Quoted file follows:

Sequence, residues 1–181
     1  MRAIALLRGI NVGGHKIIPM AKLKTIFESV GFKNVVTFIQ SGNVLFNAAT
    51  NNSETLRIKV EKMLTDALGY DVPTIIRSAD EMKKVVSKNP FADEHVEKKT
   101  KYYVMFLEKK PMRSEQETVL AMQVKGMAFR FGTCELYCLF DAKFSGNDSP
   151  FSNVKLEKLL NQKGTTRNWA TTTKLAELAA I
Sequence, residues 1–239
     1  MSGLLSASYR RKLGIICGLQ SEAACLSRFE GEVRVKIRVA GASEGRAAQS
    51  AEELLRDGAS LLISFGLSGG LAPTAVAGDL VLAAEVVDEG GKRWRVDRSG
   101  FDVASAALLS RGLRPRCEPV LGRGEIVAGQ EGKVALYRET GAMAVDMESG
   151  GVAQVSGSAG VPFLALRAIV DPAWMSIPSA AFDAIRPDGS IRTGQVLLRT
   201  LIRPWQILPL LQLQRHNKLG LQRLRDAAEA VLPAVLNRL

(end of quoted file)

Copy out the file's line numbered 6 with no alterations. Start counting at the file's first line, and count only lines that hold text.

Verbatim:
Sequence, residues 1–239